Over the years, much has been written about Private Equity and the impact it has had on acquired companies. Some of the conversation has been negative, focusing on how new owners reduce bloated operating costs, which inevitably results in fewer employees working in the company. But there is another conversation which has not received enough, or any attention at all. It is the positive conversation around growth and how Private Equity is uniquely positioned to generate growth, which often results in greater job creation.
Orphans Are Highly Desirable
A major source of deal flow comes from what I call the Orphan Syndrome. These are large companies inside of multi-billion dollar corporations and are thought of and treated like orphans. They are not core to the corporate strategy and in many cases, are treated like the black sheep in the family: ignored, neglected and starved for attention, capital and leadership talent. So, they stagnate and in many cases, the leadership teams become disenfranchised and lose any enthusiasm for thinking big and bold.
Private equity firms see gold in these companies. The leaders of private equity owned firms have very different motivations from their public company counterparts. Their mandate is larger, they have more freedom to operate, their time horizons are shorter (typically five to seven years) and their compensation is largely linked to the financial success of the acquired company when it is sold. And to yield a high price at sale, the company needs to be both in very good operational and financial shape and a have a well-defined growth path to allow the next owner to realize value.
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Here is an indicative list of some recent Orphan transactions:
- Platinum Equity acquired American Commercial River Operations from American Electric Power ($800 Million) in 2015
- Carlyle acquired Ortho Clinical Diagnostics from Johnson & Johnson ($4 Billion in 2014)
- Platinum Equity acquired rental equipment business Blue Line Rental from Volvo ($1.1 Billion in 2014)
- Clayton Dubilier & Rice acquired John Deere landscaping business from John Deere ($465 Million in 2013)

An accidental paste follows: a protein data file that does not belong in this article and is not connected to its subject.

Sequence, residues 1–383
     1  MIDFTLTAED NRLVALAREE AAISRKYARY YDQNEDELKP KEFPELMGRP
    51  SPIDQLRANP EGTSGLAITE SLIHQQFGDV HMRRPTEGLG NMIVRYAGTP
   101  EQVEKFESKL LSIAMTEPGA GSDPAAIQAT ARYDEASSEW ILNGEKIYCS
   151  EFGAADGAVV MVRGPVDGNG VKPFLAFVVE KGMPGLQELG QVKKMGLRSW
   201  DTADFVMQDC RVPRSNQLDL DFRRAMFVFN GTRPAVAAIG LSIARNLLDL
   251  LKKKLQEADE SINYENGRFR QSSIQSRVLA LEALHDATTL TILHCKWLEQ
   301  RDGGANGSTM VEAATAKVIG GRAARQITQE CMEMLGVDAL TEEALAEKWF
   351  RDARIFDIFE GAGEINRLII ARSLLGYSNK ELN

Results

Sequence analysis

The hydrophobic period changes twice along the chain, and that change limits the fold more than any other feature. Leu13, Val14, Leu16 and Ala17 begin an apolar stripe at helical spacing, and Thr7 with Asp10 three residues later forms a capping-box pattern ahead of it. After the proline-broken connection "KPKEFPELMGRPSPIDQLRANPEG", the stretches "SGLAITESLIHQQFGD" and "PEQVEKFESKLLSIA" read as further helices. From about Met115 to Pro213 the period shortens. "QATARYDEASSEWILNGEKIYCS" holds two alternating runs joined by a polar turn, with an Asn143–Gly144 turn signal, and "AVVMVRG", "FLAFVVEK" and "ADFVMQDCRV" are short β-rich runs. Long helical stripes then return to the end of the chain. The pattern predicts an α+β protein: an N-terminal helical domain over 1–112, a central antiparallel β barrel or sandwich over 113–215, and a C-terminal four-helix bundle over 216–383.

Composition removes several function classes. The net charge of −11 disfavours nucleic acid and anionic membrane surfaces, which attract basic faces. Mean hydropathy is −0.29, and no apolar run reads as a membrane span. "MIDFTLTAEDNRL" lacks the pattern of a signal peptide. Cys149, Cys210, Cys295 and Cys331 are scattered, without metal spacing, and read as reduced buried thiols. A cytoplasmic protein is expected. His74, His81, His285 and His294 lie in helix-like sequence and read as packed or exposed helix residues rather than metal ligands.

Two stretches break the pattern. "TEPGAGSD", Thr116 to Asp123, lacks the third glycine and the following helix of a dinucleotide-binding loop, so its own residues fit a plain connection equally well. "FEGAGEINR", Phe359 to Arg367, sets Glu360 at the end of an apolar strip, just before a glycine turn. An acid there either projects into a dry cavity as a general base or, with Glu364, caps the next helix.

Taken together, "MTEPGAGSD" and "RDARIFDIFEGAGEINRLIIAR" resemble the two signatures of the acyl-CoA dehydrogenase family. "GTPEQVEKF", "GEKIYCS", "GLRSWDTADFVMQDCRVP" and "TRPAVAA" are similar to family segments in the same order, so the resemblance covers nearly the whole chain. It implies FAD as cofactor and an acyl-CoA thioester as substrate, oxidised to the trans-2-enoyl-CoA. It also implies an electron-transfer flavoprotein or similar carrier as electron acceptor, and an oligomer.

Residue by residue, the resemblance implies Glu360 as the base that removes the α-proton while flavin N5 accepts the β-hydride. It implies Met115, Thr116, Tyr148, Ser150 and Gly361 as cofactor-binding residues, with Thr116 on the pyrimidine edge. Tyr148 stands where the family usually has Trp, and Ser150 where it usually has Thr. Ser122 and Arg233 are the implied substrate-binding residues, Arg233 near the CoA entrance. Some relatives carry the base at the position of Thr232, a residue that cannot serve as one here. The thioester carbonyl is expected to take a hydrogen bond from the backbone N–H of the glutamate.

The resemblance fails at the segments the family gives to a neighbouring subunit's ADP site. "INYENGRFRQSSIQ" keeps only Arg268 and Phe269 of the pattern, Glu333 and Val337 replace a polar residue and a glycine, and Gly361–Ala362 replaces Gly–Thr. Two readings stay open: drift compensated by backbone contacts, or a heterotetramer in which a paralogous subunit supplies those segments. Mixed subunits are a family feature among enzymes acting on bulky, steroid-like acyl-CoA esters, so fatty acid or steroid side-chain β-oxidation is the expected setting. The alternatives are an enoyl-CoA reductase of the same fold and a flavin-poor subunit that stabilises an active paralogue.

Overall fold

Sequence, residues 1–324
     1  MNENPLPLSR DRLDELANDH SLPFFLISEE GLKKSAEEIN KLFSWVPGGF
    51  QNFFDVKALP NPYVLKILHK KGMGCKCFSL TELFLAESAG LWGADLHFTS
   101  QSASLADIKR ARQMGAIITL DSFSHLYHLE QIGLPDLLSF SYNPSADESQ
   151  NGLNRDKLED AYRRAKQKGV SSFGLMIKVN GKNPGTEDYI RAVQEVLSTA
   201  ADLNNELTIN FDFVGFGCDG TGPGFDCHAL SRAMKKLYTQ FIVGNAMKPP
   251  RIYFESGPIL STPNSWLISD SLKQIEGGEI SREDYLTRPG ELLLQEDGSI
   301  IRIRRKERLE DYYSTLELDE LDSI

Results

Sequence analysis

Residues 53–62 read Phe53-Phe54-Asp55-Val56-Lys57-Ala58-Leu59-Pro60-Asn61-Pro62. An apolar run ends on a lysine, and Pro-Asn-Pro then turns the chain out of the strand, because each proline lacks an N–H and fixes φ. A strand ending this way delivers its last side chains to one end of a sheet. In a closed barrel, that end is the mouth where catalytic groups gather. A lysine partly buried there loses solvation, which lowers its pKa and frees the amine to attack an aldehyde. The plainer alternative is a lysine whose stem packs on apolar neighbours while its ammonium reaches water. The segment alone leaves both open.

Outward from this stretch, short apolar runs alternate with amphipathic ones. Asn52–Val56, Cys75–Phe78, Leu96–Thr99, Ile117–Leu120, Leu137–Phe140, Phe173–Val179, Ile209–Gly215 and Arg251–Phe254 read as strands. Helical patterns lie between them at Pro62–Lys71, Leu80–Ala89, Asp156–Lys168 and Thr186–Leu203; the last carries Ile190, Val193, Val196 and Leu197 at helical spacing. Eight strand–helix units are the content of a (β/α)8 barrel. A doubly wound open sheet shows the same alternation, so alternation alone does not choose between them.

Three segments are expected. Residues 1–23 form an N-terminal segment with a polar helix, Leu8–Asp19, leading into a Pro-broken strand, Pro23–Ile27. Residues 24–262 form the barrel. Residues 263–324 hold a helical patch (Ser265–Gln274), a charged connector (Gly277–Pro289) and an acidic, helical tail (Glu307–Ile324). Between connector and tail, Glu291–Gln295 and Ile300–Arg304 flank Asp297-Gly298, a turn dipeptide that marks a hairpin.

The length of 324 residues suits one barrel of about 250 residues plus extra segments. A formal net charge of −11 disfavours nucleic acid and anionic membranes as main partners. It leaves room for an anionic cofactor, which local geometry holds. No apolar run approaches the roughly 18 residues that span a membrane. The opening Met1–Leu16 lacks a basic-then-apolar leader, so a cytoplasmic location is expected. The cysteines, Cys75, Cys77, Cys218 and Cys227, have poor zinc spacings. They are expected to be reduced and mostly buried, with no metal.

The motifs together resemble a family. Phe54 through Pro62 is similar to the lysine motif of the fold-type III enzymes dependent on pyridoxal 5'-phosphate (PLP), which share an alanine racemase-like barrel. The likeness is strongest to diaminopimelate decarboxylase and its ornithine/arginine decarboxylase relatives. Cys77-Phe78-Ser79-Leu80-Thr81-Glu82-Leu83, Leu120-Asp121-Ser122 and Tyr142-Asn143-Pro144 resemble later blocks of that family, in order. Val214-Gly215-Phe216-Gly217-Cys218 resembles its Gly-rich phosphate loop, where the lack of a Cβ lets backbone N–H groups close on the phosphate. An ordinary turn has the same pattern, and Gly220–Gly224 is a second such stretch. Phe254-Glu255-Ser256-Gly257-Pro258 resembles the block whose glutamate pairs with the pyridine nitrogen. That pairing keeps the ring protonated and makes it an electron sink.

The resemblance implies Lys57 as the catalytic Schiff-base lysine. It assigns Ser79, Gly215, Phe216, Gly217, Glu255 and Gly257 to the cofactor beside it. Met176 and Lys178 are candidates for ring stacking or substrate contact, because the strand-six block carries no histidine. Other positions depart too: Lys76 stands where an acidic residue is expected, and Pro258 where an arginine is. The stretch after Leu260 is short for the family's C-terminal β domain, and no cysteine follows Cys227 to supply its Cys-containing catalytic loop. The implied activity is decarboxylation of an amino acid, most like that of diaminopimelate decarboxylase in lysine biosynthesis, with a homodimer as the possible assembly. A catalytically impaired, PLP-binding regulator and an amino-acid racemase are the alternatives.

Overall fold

Most of the major private equity firms have operating partners and advisors who have both operating experience and domain expertise. When they do not have this talent or band-width, they typically retain consultants to provide critical knowledge and executional capabilities. Together they evaluate whether the acquired leadership team is ready, willing and able to manage the change called for in the investment thesis. Interestingly, it is not uncommon for the leadership team to undergo significant change within the first twelve months of ownership in large measure due to the speed in which the changes need to be implemented.
Examples of How Engaged Leaders Create Value
Once acquired and being wanted, valued and with a clear purpose and mandate, private equity owners and the management teams of these newly acquired companies can make an enormous difference. It begins with highly engaged leadership starting with the CEO, followed closely by all members of the leadership team. Some examples of this engaged behavior include:
- Attracting new management talent to the company to widen the aperture of possibilities
- Creating new jobs through growth, financial stability and increased profits
- Engaging and empowering employees, at all levels to identify and implement growth opportunities
- Learning from customers what is working, what is not and taking decisive actions
- Identifying and fixing operational issues that impair employee and customer satisfaction
- Promoting business financial literacy with employees, enabling them to understand the key levers of performance and take initiative
- Identifying and acquiring related companies to gain scale
There are many ways in which private equity firms can create value for their companies, employees and investors. Finding Orphans who are looking for a home is one of the best.
About Steve Goldstein
Steve is Founder and President of Engaged Leadership Advisors, Chairman of US Auto Sales, and Senior Advisor to both Alvarez and Marsal and Milestone Partners. He has over thirty-five years of experience working as an operating executive at both global Fortune 500 companies (including as Chairman and CEO of American Express Bank), has served as Director of numerous companies, and advises large and mid-size companies. Steve is the author of a newly published book about leadership and engagement, Why Are There Snowblowers in Miami?Transform Your Business Using the Five Principles of Engagement.